Medicare Part A is considered hospital insurance. It covers inpatient stays at:
- mental health facilities
- skilled nursing facilities
- rehabilitation facilities
- home healthcare
- religious nonmedical healthcare institutions
But who exactly is eligible for Part A? Continue reading as we delve deeper into this part of Medicare and how to know if you’re eligible for coverage.
To meet the basic eligibility requirements, you must be a citizen or permanent resident of the United States and also be one of the following:
- age 65 or older
- a person with a disability, if younger than age 65
- diagnosed with end stage renal disease (ESRD) or amyotrophic lateral sclerosis (ALS)
To receive coverage under Part A, you must be admitted as an inpatient at the hospital or other treatment center. If you’re not formally admitted as an inpatient, the services received will be considered outpatient care, which is covered under Part B.
Because of this, it’s always important to ask your doctor or caregiver if you’re an inpatient or an outpatient during your stay. Your inpatient or outpatient status can affect how long your stay will be covered and how much you may pay in deductibles and coinsurance costs.
- a disability
Some people will be automatically enrolled in parts A and B, while others will have to sign up. You’ll be automatically enrolled if:
- You’re already receiving Social Security or Railroad Retirement Board (RRB) benefits. You’ll be automatically enrolled on the first day of the month you turn age 65 if you’ve been receiving these benefits at least 4 months before your birthday.
- You’re less than 65 years old and have a disability. You’ll be automatically enrolled after receiving Social Security or RRB disability benefits for 24 months.
- You have ALS. You’ll be automatically enrolled the month that you’re eligible to receive Social Security or RRB disability benefits.
Below are some important enrollment deadlines related to Medicare parts A and B to keep in mind:
Initial enrollment: Your 65th birthday
If you’re eligible for Medicare parts A and B when you turn 65 years old, initial enrollment consists of a 7-month period that includes:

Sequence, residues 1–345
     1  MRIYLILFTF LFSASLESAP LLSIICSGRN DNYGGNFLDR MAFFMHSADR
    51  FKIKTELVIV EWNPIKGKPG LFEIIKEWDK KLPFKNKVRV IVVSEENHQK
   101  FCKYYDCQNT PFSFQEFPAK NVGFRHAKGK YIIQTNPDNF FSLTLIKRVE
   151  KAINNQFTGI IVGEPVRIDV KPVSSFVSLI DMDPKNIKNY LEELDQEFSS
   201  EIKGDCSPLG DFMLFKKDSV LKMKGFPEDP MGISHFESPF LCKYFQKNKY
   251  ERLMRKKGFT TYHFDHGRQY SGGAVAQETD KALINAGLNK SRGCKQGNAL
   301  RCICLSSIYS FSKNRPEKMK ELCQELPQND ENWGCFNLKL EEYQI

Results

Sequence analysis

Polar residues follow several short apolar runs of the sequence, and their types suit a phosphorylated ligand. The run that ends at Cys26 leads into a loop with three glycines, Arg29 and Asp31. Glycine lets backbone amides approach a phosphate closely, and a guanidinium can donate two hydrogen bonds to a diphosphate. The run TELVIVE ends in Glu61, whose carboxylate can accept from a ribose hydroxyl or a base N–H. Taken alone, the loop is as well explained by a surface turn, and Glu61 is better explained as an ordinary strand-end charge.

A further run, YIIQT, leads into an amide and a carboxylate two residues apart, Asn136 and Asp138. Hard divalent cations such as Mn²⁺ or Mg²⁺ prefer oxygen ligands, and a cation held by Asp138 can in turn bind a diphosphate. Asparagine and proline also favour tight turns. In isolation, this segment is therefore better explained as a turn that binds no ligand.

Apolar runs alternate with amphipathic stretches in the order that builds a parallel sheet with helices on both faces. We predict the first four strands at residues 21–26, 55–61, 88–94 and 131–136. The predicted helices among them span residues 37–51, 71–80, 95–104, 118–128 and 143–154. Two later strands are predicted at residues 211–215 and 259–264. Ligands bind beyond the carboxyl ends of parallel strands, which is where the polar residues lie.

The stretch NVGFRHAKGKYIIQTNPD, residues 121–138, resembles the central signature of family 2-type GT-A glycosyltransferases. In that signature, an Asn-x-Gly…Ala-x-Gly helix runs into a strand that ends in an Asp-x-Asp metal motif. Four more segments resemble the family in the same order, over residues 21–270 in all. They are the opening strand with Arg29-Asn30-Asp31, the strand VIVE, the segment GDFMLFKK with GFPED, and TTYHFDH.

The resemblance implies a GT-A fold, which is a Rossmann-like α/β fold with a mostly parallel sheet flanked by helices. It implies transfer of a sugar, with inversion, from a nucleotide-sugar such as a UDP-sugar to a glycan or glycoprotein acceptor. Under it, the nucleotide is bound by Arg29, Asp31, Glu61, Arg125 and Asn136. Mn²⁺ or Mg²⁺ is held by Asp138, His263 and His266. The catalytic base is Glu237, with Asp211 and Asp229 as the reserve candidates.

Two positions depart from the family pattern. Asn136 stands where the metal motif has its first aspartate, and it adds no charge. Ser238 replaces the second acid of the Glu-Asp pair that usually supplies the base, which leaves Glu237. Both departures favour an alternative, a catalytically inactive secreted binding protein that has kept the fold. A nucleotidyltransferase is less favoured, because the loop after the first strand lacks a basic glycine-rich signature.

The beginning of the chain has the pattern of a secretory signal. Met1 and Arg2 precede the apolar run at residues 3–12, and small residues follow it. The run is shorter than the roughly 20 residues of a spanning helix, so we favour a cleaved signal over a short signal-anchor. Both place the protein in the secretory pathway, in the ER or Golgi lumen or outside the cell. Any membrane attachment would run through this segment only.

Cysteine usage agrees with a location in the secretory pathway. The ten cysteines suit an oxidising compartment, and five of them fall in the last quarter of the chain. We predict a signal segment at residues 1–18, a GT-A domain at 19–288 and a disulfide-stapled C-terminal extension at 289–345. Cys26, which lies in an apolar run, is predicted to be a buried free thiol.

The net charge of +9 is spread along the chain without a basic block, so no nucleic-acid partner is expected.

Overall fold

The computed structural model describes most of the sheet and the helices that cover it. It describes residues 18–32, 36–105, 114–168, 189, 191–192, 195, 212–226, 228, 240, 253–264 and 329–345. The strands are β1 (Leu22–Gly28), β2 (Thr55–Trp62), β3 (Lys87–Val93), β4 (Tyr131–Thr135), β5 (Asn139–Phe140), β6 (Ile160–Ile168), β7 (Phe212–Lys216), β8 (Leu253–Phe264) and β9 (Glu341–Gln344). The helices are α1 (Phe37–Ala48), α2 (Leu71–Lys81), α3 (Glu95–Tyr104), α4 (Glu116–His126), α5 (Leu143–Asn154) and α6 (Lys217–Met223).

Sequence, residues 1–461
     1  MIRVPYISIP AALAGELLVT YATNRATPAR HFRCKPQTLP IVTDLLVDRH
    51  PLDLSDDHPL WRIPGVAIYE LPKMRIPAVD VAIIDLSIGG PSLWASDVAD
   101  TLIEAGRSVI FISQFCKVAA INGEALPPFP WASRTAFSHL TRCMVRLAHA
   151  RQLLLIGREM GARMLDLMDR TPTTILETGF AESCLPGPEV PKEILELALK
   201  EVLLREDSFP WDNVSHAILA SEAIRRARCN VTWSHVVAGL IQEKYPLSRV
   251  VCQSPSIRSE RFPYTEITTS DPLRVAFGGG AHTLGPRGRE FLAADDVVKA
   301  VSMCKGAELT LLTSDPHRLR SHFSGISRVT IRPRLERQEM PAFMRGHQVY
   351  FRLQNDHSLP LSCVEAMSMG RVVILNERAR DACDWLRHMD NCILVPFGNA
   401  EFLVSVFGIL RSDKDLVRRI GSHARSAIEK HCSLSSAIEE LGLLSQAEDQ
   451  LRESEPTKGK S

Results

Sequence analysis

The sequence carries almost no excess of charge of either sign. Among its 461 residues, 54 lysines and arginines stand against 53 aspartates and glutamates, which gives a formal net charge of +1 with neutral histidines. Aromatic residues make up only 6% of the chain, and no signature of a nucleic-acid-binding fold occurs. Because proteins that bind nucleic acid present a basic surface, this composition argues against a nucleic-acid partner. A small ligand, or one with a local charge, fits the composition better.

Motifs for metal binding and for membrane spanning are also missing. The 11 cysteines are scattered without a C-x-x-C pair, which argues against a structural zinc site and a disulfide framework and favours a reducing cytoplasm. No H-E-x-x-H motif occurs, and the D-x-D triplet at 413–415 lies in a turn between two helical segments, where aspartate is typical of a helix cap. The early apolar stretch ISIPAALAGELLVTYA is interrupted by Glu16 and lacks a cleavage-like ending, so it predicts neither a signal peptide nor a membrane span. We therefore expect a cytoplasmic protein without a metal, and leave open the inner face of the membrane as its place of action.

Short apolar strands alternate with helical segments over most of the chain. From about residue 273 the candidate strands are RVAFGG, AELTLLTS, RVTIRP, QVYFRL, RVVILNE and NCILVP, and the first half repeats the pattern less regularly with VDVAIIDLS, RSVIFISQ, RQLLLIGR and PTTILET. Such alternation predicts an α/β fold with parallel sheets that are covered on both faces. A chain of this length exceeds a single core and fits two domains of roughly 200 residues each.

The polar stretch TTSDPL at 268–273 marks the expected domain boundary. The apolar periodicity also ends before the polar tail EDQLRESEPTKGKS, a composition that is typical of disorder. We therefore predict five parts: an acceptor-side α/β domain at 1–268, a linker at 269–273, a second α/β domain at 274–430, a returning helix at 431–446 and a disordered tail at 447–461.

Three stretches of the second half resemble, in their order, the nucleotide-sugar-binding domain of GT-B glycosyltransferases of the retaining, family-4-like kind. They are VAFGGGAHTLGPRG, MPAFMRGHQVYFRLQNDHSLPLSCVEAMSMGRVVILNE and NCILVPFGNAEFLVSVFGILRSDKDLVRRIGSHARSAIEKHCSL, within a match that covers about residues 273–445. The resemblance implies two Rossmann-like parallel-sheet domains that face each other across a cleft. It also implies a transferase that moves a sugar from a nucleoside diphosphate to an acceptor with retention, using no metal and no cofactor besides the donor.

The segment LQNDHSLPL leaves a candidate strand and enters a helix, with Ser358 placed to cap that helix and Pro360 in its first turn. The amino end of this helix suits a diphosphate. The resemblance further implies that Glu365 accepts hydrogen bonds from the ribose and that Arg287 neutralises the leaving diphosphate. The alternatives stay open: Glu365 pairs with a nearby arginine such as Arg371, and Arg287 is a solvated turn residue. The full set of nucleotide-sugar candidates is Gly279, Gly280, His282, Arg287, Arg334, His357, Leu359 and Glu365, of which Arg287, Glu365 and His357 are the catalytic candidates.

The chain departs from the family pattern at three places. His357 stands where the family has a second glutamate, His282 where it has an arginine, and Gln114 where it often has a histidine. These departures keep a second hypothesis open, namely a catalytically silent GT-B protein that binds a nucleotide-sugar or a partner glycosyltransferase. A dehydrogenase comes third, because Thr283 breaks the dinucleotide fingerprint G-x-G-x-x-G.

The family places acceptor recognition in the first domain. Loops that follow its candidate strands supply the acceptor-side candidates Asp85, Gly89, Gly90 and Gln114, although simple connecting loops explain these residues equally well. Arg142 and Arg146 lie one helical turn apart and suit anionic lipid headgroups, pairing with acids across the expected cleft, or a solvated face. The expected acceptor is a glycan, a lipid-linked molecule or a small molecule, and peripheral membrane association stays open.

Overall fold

- the 3 months before your 65th birthday
- the month of your 65th birthday
- the 3 months after your 65th birthday
If you won’t be automatically enrolled in Medicare parts A and B when you turn age 65, you can sign up at any time during initial enrollment. When your coverage starts will depend on when you sign up.
In addition to parts A and B, you can also sign up for a Part D (prescription drug coverage) plan during this time.
General enrollment: January 1 to March 31
During this time, you can sign up for parts A and B if both of the following are true:
- You didn’t sign up when you were initially eligible (during initial enrollment).
- You can’t enroll during a special enrollment period.
If you enroll during general enrollment, your coverage will begin on July 1. You’ll have to pay a premium for parts A and B and may also be subject to a late enrollment penalty.
During this time, you can also switch from a Part C (Medicare Advantage) plan back to original Medicare (parts A and B).
Medicare Advantage open enrollment: April 1 to June 30
If you enrolled in Medicare parts A and B for the first time during general enrollment, you can add a Part D plan during this time. Your coverage will begin on July 1.
Open enrollment: October 15 to December 7
During the annual open enrollment period, anyone with Medicare parts A and B can change to a Part C plan or add, switch, or remove a Part D plan. New coverage will begin on January 1.
If your initial enrollment period has passed, you may be able to sign up for parts A and B during a special enrollment period. You can do this if you’re covered under a group health plan provided by your employer. You can sign up:
- anytime when you’re covered by the group health plan
- in the 8 months following the end of employment or the end of coverage by the group health plan
You’ll be subject to this higher premium for double the amount of years that you were eligible but didn’t enroll. For example, if you enroll 1 year after you were eligible, you’ll pay the higher monthly premium for 2 years.
- Medicare Part A is hospital insurance and is part of original Medicare. Generally speaking, you’re eligible for Part A if you’re age 65 or older, have a disability, or have ESRD or ALS.
- Some people will be automatically enrolled in Part A, while others will have to sign up.
- Pay attention to important Medicare deadlines to ensure that you sign up for coverage when you’re eligible.